Hana has signed up to play the violin at the talent show, even though she’s only had three lessons. Her brothers predict disaster. But Hana practices and practices, inspired by her grandfather, or Ojiichan, who played the violin every day when she visited him in Japan. As Hana takes the stage, doubt is all she can hear, until she recalls her grandfather’s words of encouragement, and shows the audience how beautiful music can take many forms.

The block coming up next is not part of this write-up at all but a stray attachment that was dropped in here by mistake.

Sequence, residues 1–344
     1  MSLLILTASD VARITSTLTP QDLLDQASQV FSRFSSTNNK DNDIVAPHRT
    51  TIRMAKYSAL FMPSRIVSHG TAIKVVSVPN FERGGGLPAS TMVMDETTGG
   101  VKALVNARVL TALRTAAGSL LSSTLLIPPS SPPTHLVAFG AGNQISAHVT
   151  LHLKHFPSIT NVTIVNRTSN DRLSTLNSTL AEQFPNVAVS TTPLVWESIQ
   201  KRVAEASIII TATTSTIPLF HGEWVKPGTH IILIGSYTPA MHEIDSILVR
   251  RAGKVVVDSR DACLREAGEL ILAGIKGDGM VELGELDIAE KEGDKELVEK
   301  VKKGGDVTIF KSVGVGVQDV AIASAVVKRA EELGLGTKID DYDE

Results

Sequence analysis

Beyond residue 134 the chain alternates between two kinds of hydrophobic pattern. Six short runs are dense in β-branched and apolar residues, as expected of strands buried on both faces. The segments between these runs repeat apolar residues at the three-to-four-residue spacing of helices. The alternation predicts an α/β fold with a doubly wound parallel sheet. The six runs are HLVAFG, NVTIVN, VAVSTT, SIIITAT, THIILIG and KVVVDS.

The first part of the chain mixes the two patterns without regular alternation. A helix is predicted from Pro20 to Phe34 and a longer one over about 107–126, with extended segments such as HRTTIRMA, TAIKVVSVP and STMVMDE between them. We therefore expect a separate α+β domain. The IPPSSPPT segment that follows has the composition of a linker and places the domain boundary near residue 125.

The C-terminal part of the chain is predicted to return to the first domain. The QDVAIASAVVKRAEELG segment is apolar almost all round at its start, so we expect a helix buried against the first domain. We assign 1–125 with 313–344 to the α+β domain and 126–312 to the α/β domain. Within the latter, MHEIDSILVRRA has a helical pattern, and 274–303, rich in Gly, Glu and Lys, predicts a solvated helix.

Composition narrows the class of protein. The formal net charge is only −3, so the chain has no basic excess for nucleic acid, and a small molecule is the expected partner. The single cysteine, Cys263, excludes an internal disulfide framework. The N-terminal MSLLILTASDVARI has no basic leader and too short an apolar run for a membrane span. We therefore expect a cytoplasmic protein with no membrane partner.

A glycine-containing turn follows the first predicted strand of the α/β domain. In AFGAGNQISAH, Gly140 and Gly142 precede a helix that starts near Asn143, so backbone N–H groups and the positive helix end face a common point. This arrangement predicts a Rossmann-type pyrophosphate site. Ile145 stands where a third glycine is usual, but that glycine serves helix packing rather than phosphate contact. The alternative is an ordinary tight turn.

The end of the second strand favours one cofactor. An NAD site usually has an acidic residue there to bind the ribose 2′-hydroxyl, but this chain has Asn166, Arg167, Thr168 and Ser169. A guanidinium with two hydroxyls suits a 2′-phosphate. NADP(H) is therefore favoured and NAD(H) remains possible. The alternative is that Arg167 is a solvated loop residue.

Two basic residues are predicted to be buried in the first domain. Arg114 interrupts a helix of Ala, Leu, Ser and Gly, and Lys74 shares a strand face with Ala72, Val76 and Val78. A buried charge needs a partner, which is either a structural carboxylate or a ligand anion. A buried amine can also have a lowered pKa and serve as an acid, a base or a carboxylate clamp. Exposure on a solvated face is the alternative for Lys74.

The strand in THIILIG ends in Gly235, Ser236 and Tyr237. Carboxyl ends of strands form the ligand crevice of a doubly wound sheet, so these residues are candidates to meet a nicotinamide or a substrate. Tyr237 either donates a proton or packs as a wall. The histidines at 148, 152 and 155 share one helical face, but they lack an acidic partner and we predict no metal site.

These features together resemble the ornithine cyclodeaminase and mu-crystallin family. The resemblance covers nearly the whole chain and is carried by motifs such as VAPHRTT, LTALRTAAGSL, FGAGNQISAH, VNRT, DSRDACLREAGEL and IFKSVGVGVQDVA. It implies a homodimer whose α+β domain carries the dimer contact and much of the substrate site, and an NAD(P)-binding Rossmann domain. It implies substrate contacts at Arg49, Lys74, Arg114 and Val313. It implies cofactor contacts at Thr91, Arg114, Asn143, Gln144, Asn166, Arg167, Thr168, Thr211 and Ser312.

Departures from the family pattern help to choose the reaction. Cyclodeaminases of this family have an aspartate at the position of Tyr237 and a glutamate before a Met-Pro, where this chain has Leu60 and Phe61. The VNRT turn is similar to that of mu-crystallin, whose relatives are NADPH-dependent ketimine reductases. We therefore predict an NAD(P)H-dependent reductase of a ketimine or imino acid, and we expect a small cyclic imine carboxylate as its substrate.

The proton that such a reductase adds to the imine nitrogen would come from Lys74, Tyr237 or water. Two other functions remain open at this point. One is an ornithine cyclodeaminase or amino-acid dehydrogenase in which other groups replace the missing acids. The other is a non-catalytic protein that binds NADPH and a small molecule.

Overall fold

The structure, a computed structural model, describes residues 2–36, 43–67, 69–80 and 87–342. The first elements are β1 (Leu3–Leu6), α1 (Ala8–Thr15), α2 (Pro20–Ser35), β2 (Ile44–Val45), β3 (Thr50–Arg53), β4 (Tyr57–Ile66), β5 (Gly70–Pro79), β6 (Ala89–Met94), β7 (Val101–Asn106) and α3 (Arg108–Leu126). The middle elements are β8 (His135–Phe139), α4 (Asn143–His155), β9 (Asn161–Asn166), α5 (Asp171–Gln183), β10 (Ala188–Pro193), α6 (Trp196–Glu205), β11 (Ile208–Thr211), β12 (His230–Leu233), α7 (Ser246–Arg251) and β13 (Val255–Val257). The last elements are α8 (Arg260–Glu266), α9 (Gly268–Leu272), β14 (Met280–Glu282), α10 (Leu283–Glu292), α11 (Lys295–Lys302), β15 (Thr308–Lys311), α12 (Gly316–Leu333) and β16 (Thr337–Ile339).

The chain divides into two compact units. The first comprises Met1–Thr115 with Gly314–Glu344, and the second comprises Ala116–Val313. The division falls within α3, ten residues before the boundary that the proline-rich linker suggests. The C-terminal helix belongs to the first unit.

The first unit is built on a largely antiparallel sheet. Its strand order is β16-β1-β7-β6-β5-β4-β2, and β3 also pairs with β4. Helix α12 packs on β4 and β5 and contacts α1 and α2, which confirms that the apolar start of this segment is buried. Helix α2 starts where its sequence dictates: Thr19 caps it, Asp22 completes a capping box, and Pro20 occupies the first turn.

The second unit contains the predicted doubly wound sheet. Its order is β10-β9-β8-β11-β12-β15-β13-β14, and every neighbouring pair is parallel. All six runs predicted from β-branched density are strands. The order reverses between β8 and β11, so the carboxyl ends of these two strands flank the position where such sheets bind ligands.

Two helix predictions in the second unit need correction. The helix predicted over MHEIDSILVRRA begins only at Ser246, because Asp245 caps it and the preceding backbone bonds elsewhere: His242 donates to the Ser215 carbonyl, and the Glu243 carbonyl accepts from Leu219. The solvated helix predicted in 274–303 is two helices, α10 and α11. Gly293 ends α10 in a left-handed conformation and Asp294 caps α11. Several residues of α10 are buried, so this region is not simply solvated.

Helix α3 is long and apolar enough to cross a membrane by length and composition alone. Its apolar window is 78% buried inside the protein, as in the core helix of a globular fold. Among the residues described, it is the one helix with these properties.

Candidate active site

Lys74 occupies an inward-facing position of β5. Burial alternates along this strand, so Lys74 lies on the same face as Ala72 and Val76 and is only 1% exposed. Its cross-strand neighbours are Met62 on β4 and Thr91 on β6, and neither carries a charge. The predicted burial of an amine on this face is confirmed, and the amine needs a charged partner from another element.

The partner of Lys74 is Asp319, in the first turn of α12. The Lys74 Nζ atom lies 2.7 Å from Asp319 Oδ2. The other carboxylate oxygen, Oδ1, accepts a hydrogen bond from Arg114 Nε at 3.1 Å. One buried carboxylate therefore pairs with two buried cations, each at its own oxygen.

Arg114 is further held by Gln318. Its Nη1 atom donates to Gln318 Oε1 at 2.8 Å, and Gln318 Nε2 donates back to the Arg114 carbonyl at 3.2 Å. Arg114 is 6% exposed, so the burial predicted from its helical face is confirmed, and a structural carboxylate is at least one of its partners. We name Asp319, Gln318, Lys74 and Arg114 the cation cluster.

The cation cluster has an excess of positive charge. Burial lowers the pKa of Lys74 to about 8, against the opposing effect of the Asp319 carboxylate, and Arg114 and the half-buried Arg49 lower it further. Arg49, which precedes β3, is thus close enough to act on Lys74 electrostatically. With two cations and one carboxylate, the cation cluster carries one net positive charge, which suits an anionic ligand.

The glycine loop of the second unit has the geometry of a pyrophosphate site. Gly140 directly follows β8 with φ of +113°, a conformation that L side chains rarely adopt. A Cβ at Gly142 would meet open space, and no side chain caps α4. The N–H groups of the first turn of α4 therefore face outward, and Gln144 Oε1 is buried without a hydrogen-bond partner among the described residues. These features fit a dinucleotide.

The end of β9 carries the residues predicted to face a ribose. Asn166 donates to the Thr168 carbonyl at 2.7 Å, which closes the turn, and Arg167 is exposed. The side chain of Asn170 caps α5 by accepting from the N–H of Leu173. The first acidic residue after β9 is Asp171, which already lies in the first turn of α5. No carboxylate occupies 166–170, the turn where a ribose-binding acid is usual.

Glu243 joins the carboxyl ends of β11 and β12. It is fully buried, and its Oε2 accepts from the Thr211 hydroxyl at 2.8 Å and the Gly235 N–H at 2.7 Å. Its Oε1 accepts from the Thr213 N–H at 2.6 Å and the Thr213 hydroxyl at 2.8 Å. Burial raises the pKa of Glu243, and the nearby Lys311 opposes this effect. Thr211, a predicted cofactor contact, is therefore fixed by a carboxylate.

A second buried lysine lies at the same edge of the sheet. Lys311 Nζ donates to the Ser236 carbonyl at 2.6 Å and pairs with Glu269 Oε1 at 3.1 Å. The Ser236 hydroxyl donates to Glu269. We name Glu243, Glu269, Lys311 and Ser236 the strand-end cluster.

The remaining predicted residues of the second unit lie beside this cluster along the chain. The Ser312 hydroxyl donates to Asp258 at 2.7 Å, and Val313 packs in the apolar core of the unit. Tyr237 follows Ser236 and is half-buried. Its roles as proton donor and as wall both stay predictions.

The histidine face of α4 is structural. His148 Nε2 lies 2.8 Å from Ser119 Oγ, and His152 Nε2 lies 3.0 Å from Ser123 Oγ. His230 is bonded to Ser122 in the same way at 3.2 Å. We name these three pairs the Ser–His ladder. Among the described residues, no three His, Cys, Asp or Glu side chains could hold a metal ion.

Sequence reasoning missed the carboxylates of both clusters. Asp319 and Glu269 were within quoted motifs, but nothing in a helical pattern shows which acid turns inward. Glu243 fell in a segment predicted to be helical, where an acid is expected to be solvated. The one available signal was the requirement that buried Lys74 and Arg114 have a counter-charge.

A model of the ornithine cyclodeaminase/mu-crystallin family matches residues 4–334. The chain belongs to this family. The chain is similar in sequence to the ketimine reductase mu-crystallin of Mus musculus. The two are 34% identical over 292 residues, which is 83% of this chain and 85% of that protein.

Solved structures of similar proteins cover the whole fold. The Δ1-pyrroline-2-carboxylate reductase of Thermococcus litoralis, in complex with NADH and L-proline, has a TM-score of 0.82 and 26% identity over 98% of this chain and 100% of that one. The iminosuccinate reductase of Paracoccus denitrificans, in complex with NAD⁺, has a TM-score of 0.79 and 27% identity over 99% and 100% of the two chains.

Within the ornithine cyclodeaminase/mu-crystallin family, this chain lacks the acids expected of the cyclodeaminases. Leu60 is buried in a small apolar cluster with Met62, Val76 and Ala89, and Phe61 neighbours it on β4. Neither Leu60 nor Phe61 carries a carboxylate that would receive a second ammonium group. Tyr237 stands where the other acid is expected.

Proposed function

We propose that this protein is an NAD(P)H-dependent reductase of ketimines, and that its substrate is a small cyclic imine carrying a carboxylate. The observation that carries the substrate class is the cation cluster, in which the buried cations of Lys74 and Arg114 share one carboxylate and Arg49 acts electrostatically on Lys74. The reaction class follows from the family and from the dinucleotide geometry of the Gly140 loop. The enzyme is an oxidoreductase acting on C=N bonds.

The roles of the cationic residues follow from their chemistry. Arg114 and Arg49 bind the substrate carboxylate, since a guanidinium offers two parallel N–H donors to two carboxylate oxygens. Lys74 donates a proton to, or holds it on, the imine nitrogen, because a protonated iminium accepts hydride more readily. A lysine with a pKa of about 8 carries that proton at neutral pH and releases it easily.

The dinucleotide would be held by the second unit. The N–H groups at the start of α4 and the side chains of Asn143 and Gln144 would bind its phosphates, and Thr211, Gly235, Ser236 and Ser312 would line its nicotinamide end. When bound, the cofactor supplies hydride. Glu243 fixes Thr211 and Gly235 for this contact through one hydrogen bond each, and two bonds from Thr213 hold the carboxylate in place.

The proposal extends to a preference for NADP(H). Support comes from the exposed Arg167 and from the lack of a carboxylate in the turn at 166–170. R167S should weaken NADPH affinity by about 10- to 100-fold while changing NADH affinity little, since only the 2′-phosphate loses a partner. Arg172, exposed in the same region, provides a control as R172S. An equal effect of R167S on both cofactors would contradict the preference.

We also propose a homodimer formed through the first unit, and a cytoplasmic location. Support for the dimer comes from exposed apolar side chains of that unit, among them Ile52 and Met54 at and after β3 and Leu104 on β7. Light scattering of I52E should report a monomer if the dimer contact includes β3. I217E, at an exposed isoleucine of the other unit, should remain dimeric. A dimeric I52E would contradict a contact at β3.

Inspired by her talented violinist grandfather, Hana signs up to perform at the school talent show never mind that she's only had three lessons so far. Hana's brothers mock her, her parents listen attentively as she practices, and on the day of the talent show, Hana's uncertainty gives way to inspiration. Uegaki (Rosie and Buttercup) and Leng (Norman, Speak!) are a well-matched and complementary pairing. Uegaki's prose is dense with detail-rich imagery during a visit to Japan to stay with Ojiichan, "the clear, bright notes" of her grandfather's violin "would drift upstairs, through the shoji screen doors to where Hana slept on sweet-smelling tatami mats, and coax her awake as gently as sunshine." Leng's digitally colored pencil drawings have the airiness of a violin solo, while still capturing the emotions Hana wrestles with as her performance looms. When she first approaches the microphone, she's seen crossing an expansive, empty stage, a tiny figure in a red dress against a foreboding sea of gray. Hana's clever triumph is testament to her inventiveness, perceptiveness, and dedication. Ages 4 8.